Higher CO2 Levels. Whether as a natural reaction to warming in the early part of the 20th century, or the result of human activities - including energy use and tropical forest conversion - the amount of CO2 in the atmosphere has increased by more than 30 percent during the past half-century. CO2 is a critical component of photosynthesis, the process by which plants use sunlight to create carbohydrates - the material that makes up their root and body structures. Increasing CO2 levels both speeds the growth of plants and improves the efficiency of their water use. More CO2 also decreases water loss in plants, which is beneficial in arid climates or during droughts.
Botanists have long realized that CO2 enhances plant growth, which is why greenhouse owners pump large volumes of CO2 into their sheds - to grow more tomatoes or carnations. This was confirmed by 55 experiments conducted by research scientist Sherwood Idso, formerly of the U.S. Department of Agriculture. For example:
- Increasing CO2 by 300 parts per million (ppm) above the current atmospheric level of more than 370ppm enhanced plant growth by 31 percent under optimal water conditions, and 63 percent under water scarcity. [See the figure.]
- With a 600 ppm CO2 increase, plant growth was enhanced 51 percent under optimal water conditions and an astonishing 219 percent under conditions of water shortage.
CO2 enrichment also causes plants to develop more extensive root systems, with important results: 1) Larger root systems allow plants to reach additional pockets of both water and nutrients in the soil, reducing the metabolic energy required to capture vital nutrients. 2) More extensive, active roots also stimulate and enhance the activity of bacteria and other organisms in the soil that are beneficial to plants. When dinosaurs walked the Earth (about 70 to 130 million years ago), there was from five to 10 times more CO2 in the atmosphere than today. The resulting abundant plant life allowed the huge creatures to thrive. Since many of today's plants evolved when CO2 levels were much higher, some scientists fear today's plants are literally starving from CO2 deprivation.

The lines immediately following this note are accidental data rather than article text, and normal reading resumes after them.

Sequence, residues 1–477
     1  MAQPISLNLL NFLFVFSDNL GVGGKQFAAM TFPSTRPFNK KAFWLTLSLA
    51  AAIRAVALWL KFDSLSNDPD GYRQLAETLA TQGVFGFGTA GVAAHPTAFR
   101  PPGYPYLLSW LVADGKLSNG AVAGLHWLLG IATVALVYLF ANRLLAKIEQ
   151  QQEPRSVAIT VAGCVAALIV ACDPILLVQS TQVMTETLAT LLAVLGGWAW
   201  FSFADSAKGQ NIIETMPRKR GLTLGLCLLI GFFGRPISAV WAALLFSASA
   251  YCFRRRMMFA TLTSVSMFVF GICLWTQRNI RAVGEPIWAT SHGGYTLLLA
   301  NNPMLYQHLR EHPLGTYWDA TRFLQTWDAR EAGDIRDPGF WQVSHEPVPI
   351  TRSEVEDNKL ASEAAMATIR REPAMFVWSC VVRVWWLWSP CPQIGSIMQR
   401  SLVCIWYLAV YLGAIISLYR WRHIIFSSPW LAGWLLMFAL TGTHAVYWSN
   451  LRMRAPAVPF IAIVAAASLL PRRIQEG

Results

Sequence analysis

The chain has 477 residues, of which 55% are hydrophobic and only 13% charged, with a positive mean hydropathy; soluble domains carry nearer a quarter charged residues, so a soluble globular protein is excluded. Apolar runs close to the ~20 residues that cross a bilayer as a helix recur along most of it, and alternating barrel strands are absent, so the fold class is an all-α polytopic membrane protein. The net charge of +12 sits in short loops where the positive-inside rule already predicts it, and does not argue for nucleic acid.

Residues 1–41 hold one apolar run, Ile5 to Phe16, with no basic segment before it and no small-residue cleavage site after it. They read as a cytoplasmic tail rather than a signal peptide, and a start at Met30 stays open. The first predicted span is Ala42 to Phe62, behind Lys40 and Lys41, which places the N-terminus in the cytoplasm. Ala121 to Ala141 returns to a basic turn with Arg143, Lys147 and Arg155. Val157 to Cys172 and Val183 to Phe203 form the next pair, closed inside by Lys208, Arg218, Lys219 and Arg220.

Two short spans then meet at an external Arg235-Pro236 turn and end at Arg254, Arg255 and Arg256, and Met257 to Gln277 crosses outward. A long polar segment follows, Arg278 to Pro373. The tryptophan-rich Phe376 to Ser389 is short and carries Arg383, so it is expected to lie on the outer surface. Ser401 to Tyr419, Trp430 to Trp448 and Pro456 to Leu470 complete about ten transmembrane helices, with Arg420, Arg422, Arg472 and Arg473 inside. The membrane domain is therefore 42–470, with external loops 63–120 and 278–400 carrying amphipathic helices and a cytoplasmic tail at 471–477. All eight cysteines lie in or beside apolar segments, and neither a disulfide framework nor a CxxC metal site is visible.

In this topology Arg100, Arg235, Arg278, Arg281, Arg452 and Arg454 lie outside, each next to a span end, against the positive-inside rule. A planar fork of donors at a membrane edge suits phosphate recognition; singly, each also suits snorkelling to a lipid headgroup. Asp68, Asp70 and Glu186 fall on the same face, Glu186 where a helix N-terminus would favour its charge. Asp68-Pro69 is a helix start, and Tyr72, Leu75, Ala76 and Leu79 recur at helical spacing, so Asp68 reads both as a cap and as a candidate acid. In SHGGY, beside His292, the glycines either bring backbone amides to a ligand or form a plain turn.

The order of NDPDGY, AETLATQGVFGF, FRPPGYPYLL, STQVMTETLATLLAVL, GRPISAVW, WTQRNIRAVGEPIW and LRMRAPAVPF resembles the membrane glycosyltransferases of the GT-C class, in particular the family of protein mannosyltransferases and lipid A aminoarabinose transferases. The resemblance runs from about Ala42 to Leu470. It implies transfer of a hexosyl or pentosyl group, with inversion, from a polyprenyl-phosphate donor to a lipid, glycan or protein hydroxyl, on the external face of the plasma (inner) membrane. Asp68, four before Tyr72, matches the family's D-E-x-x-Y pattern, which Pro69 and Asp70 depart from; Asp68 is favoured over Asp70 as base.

Based on nearly 800 scientific observations around the world, a doubling of CO2 from present levels would improve plant productivity on average by 32 percent across species. Controlled experiments have shown that:
- Under elevated CO2 levels, average yields of cereal grains - including rice, wheat, barley, oats and rye - are 25 percent to 64 percent higher.
- Tubers and root crops, including potatoes, yams and cassava, yield 18 to 75 percent more.
- And yields of legumes, including peas, beans and soybeans, increase 28 to 46 percent.
Humans can help nature along. Recently, Egypt genetically engineered a drought-tolerant wheat plant - containing a gene from the barley plant - that needs to be irrigated only once, rather than eight times per season. The new wheat is expected to dramatically increase food production in semi-arid climates.
Conclusion. The real "famine test" for humanity's farming systems will not come during the Modern Warming. It will come during the next full Ice Age, when huge sheets of ice a mile thick will once again cover Canada and Russia, and the Northern Plains will be too cold to farm. Then, humanity and most of the planet's wildlife will converge on the relatively small usable land area nearer the equator, and in denser numbers than the planet has ever known.
Fortunately, that test may not come for another 10,000 years. By then, unless regulations interfere, the world should have genetically engineered a set of even higher-yielding and still more stress-tolerant crop varieties to feed humanity from less and less land.
Dennis T. Avery is director of global food issues at the Hudson Institute and an NCPA adjunct scholar. H. Sterling Burnett is a senior fellow at the National Center for Policy Analysis.